Liam: It was challenging but at the same time we were very fortunate. This is a UK co-production so I was in London locking the edit in February. That was supposed to be our last few editorial days to lock so that we would be in VFX for the next six months or whatever. And I flew back like March 3rd, and I think the NBA and everything shut down a week later. So, we just kind of made it right under the radar, and all of the VFX, sound, music were pretty much all done remotely from that point on. A couple of great pieces of technology like Frame.io, cineSync and of course Zoom was kind of my day-to-day. Every day I’d wake up and see new shots on the server, make notes, tag people and I just kind of worked as a VFX supervisor on this one because I created my own VFX company for this movie. I enjoyed that to some extent. I don’t really like looking at spreadsheets until my eyes blur, but being able to have more control definitely helped and I do think just having control over something in general during a pandemic helped my mental health…quite a bit! [laughs] I have three children and my fourth was born August 13th, so it was an eventful summer in general, but it was very nice to have this project to kind of obsess over. I couldn’t fix the work but I could fix a couple of VFX shots and feel better about myself.
Liam: Thank you.
Ken: Did you have any further ideas that you were hoping to include in Skylin3s, but couldn’t due to the time constraints? I’m conscious that the film itself was completed with only a few days to spare before its FrightFest debut this weekend.
Liam: I actually QC’d the movie yesterday and found a bunch of problems that we’ll fix but the FrightFest audience probably won’t notice these boom shadows in the background that I happened to see yesterday. I mean, we definitely had a bunch of deleted scenes. If I had my druthers, could some of the action scenes go on longer? Sure. We shot way more stuff in Cobalt Cavern. The end fight was longer but we pretty much used all of it. But the biggest plotline in the movie that didn’t make it was that Dr. Mal actually gave Rose a sample of the virus, and she was trying to scan it on the ship in the Med Lab, but it didn’t really come together in a super satisfying way. So it was a good cut just for pacing. I had Rose just constantly in the script taking the air out of the mission, and asking all the right questions because I was worried about her not appearing smart enough if she was going to go along with everything. I think it would have just made the viewer ask too many questions, so by decreasing that and making it the refusal of the call and finally acceptance to go on the mission, it just kind of cleaned up the pacing and made the movie a more fun watch.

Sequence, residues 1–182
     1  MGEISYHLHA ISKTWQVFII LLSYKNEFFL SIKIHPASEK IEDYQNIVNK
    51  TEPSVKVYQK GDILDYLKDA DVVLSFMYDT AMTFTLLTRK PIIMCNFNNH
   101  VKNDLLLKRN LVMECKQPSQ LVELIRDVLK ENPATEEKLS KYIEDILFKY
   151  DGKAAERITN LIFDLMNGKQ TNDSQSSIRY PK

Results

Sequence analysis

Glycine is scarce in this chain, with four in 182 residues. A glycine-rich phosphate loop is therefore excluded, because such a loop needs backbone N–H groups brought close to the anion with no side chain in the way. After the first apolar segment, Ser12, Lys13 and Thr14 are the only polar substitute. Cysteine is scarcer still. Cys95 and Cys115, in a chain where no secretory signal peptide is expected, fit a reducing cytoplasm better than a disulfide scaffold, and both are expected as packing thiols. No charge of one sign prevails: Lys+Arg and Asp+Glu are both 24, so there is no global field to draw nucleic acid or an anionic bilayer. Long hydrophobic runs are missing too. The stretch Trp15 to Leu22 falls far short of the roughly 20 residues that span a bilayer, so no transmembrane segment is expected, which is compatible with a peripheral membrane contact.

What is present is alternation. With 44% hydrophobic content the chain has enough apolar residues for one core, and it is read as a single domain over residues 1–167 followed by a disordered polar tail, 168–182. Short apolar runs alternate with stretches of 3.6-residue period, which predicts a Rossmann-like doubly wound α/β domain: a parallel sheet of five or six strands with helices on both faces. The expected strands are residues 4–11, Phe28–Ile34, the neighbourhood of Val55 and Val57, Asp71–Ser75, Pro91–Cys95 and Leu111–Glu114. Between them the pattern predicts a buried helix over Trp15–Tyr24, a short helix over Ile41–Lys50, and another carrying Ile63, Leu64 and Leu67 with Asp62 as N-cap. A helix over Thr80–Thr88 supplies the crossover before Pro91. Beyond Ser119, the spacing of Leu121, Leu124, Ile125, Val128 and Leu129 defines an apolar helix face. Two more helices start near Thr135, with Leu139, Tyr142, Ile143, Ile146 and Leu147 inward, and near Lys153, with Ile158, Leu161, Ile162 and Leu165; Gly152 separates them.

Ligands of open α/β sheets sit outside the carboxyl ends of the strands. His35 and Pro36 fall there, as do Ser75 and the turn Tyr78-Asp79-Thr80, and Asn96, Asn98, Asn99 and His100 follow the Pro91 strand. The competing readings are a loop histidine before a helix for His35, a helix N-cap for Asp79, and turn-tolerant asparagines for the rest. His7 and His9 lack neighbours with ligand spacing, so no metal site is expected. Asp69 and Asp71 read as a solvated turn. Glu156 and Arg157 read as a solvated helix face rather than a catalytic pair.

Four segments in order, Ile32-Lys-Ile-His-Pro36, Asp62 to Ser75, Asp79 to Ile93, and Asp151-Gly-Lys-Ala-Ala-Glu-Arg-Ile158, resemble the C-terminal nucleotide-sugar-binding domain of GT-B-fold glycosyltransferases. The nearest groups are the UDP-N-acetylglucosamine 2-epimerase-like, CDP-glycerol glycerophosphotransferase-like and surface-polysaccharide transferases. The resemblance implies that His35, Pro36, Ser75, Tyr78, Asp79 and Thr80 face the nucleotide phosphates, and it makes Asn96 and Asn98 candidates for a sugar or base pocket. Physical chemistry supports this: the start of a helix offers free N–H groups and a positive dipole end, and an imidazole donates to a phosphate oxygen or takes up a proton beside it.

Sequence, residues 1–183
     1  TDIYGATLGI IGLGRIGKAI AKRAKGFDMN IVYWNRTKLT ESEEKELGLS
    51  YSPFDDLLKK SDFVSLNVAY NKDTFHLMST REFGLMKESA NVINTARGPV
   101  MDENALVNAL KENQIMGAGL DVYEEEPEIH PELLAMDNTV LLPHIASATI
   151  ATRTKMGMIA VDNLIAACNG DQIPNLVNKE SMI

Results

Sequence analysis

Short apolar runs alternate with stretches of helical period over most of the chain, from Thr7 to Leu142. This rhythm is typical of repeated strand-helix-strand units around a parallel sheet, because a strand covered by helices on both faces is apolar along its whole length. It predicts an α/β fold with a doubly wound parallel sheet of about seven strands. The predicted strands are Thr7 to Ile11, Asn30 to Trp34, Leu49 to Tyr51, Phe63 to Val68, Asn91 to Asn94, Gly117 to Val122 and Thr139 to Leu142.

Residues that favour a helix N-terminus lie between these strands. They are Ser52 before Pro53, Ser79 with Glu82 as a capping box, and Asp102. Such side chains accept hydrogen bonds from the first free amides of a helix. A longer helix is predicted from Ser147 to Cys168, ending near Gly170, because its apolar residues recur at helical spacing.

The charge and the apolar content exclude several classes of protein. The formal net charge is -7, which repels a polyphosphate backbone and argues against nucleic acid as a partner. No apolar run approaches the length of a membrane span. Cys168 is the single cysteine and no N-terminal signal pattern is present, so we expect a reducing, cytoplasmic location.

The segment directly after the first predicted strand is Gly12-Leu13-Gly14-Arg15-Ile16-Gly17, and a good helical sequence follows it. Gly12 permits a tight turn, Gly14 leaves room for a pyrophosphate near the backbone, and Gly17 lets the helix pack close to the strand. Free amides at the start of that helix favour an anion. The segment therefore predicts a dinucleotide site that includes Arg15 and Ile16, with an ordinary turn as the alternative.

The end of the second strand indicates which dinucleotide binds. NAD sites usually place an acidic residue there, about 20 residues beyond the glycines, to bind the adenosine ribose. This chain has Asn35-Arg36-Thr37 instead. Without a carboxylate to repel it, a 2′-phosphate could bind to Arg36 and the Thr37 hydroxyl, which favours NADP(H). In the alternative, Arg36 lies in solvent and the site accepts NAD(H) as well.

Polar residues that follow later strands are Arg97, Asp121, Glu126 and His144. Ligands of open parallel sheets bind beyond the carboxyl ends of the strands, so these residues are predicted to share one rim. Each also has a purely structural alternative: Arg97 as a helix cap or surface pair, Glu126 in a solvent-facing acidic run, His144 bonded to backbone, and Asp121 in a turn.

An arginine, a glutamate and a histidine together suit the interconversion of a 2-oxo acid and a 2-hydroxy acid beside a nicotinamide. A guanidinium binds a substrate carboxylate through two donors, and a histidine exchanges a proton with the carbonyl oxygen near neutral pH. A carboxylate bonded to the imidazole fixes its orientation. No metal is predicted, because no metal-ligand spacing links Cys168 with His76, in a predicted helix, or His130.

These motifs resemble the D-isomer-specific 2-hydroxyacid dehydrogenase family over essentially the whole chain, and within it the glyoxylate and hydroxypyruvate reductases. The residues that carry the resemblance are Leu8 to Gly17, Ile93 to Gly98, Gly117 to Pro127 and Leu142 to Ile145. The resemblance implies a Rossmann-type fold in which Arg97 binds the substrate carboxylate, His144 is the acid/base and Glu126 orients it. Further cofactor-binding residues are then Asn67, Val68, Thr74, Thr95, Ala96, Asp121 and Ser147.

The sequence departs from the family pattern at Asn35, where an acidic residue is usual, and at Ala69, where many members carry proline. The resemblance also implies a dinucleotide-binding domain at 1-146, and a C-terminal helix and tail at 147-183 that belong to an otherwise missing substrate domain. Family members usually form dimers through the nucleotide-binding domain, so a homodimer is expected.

Ken: Skylin3s expands upon the mythos established in Skyline, but rather than bring closure to the franchise – hopefully this is not too much of a spoiler – it sets the audience up for another potential sequel. Do you see yourself in the director’s chair for Skyline 4?
Liam: Well, listen… In the second film – the first cut we did – they just walked off into the sunset. And when we test screened it audiences were like “what the hell was that!” [laughs] Like, once you are in a sequel there is some expectation for a setup. So I learnt my lesson on that and I kind of felt like, with each film – Beyond Skyline and Skylin3s – I included a setup but at the same time I’d be satisfied if there weren’t another because I feel like they end in the right place and at the right tone. So, yeah! It is definitely something I would love to return to, whether as the director, producer, writer. It is definitely my baby. I love playing with these characters, I love this world, and I really love this cast! I think if you don’t smile at the end of this one, I don’t know what to say about you, but it makes me smile thinking about the possibilities of what the fourth one could be. I would definitely love to do that.
Ken: It’s the end of one story arc, and the potential to move forward.
Liam: Yeah, and if it never happens you can imagine your own story, so that was at least my lesson. Once you are making a sequel, audiences say they want closure but they don’t really!
Ken: [laughs] Finally, can you tell us about your next projects?
Liam: Yeah, there is a project that we’re working on right now with Vertical Entertainment that is an arctic-set survival horror-adventure. I don’t know if I should say the title yet, but that is something that we will probably be going back to Lithuania to film. It’s something I am really excited about – a little bit more of a mature film for me, but I still get to play with creatures in horror, and I thought something about filming a movie set on an alien planet would lend itself as a good experience for maybe something set in the arctic.
Ken: Liam O’Donnell, thank you again. It is always a pleasure speaking with you.
Liam: Thank you. I’m glad you enjoyed the movie. It really made my day.
Skylin3s FrightFest tickets are available from watch.eventive.org/frightfestoctober2020